Monday, August 18, 2014

Why the 5 Essential Components of a High School Musical Have Made Me Hate The Sound of Music

With the school year starting, we're all about to get accosted with Facebook invites to all the grade school kids' theatrical endeavors. Then around October, BroadwayWorld's SIP articles will be made up almost entirely of high school drama kids' selfie collections. Yes folks, it's time to gear up to see your best friend's little sister totally rock it as Townsperson #3 and get ready to see pictures from a couple one-act versions of Into the Woods. If you're like me, then through the years you've started to realize that schools tend to all do the same shows. It's true! It's because every school musical has to match certain criteria, so we all end up seeing the same 10 or so shows over and over again. I'm onto this system. I've definitely cracked the whole high school musical code. There are about five musicals that every institution that is confined by needing to be mostly PG-rated do. And I blame this formula for my secret loathing hatred dislike of The Music Man and The Sound of Music.

Essential Components of a High School Musical
  1. Big cast- Have you ever seen a high school perform Little Shop of Horrors? No. The main point about high school theatre is that everyone gets to try it out, so what fun would it be if the cast was small? Politics of lead roles in high school are scary enough without getting into who does and doesn't get to be in it at all.
  2. Easy (ish) music- While you'll have the three geniuses in your high school theatre department who can sight-read Sondheim and end up on Broadway (and we all know at least one and think, "What am I doing with my life?"), the rest of the plebes will not be as gifted. They need some basic harmony and descanting.
  3. Simple (ish) set- Before Annoying Actor Friend jumps down my throat describing the intricate, multi-layer set his school used for their production of Beauty and the Beast, I will say that high school sets can be very good and multi-dimensional and that sort of thing. But at the same time, no one usually chooses a show that requires trap doors, moving sidewalks, or flying apparati.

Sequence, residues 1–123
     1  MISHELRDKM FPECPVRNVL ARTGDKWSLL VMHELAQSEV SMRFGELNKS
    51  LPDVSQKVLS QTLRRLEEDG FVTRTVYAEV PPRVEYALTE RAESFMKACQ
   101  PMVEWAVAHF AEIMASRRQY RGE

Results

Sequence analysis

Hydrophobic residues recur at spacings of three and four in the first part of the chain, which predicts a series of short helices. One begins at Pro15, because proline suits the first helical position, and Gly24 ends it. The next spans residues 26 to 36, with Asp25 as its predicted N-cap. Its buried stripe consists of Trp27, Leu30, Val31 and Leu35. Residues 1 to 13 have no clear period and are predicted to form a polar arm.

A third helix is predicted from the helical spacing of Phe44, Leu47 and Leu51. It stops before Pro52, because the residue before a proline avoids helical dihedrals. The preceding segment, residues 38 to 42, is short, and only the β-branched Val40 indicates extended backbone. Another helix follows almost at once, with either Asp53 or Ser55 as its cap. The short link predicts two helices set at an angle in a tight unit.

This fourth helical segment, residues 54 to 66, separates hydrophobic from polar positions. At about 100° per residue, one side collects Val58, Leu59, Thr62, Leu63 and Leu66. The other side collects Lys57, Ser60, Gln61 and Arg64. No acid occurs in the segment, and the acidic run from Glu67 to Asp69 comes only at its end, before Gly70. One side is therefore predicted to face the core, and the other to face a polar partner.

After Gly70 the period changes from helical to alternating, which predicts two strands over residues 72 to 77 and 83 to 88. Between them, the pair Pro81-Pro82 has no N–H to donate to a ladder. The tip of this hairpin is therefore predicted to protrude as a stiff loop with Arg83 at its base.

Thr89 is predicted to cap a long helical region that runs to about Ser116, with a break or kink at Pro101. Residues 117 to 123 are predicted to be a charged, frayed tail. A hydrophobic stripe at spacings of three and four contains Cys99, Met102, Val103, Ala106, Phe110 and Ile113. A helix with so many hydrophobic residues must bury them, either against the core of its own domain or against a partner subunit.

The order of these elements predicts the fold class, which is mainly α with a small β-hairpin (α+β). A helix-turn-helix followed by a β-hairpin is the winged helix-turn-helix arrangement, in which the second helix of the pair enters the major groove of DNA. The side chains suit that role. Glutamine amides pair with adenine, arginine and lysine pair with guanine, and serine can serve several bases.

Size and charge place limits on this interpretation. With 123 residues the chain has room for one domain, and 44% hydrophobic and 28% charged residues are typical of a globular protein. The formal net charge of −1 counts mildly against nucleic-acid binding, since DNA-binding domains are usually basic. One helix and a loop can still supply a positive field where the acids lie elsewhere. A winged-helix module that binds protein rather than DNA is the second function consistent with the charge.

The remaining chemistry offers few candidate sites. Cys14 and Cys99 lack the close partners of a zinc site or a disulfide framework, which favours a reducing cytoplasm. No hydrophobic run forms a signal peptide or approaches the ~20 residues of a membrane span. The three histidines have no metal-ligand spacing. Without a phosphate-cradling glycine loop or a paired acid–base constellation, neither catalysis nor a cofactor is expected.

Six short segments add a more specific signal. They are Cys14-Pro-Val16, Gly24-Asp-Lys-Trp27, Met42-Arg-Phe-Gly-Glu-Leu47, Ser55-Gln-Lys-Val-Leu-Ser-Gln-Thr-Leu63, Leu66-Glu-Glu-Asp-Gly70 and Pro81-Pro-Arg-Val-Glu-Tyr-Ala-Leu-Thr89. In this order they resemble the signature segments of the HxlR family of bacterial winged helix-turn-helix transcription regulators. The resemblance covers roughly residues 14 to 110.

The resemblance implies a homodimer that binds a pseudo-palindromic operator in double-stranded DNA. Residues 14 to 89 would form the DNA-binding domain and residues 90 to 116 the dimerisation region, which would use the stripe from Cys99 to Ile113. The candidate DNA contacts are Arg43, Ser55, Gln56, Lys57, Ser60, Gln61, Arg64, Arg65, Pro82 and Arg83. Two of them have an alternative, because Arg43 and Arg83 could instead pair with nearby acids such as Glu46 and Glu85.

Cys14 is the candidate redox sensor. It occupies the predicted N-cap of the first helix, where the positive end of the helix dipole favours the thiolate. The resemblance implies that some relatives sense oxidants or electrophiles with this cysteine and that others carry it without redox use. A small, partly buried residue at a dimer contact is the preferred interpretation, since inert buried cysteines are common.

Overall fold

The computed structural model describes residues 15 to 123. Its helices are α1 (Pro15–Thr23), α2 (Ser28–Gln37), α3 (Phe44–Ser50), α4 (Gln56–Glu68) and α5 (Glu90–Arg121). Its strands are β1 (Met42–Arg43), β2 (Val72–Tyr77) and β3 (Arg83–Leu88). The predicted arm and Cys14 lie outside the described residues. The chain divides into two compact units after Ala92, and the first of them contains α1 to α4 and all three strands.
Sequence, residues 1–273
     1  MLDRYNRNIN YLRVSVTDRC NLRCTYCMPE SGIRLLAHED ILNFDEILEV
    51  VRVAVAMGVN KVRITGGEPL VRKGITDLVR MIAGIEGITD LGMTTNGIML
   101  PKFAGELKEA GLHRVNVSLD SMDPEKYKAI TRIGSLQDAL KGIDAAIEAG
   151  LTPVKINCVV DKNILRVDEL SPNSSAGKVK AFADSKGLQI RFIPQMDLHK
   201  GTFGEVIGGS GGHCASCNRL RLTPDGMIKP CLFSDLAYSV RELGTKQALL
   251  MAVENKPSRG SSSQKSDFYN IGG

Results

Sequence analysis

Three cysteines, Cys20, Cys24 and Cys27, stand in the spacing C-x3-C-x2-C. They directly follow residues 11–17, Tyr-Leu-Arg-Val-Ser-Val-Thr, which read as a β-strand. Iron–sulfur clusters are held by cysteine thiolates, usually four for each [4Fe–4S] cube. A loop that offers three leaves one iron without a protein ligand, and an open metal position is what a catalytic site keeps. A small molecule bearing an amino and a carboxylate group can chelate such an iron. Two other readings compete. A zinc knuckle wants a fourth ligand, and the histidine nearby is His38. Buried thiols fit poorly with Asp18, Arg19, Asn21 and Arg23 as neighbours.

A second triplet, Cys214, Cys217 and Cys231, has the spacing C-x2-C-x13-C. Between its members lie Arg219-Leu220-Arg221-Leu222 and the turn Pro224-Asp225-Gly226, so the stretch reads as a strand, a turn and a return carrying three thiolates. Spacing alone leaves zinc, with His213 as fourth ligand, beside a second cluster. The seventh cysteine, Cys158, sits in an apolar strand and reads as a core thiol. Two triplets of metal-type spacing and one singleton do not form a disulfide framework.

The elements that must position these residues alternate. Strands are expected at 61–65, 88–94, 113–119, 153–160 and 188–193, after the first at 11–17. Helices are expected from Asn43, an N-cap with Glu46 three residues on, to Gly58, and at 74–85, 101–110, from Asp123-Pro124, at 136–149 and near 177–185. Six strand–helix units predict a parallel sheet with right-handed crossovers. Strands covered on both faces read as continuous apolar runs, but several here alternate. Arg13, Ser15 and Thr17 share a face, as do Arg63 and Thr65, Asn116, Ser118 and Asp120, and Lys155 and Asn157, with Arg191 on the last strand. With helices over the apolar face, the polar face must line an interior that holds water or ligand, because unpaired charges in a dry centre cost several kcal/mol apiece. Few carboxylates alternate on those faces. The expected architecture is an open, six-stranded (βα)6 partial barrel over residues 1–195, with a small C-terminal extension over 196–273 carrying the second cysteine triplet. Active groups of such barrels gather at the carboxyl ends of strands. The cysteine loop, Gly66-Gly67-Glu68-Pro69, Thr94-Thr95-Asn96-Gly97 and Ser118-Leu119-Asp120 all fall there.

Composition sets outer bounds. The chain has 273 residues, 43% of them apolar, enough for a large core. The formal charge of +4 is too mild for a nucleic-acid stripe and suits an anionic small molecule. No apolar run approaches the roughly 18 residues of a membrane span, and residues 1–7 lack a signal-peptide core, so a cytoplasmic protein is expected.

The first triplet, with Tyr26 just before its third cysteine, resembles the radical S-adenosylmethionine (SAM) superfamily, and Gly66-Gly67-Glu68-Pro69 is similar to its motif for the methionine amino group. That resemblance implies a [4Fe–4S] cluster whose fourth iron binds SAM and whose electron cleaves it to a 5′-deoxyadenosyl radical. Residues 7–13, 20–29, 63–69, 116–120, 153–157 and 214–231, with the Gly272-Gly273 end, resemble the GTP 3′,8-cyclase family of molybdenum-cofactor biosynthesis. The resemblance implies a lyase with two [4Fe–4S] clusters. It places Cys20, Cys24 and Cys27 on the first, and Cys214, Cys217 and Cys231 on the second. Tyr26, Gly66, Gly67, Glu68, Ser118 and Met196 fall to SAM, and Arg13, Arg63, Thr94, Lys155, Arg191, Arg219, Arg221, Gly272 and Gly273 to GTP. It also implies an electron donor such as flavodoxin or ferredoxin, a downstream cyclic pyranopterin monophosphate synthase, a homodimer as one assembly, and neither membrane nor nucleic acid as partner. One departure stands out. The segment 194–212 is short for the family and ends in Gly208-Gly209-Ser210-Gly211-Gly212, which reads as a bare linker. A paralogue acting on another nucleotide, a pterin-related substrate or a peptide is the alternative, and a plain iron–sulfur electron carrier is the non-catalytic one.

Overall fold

4. Kid-friendly- This stipulation just makes me think of one of my favorite Sue Sylvester quotes of all time, "That was the most offensive thing I've seen in 20 years of teaching. And that includes an elementary school production of Hair." They always use shows that dominantly have (but kiddish) themes about friendship, honesty, loyalty, etc.
  5. Recognizable- Last but not least, the shows are always famous ones. While I would have been ecstatic had a local high school done The Scarlet Pimpernel (which meets all the other criteria), none ever did. I think this final component is mostly there because people want to come see shows that they have heard of, and more than that, love. That's why a lot of the musicals that high schools do were previously movies.
So here are just a few musicals that follow this criteria:

The Music Man
Why I hate it: While the lyrics are very clever and the stylistic songs are very clever, there's nothing particularly stellar about itI was in it twice, my brothers were in it, I saw it at a community theatre, all before I was 12. Too much.

The Sound of Music
Why I hate it: I didn't grow up with it, so I don't have the emotional attachment that many of my peers do to the movie. That being said, I saw two community theatre productions of it, then saw the movie, and was never super impressed. And everyone and their mother sings "Do Re Mi" way more than they need to.

Guys and Dolls
Why I love it: I've heard that everyone has an irrational attachment to the first musical they saw live, and that's how it is for me with Guys and Dolls. My brother was in it, so I saw it a lot between going to a few of his rehearsals and performances. I've seen it only once since then, so I've never personally gotten a G&D overload.

Sally Henry // Twitter: // Facebook: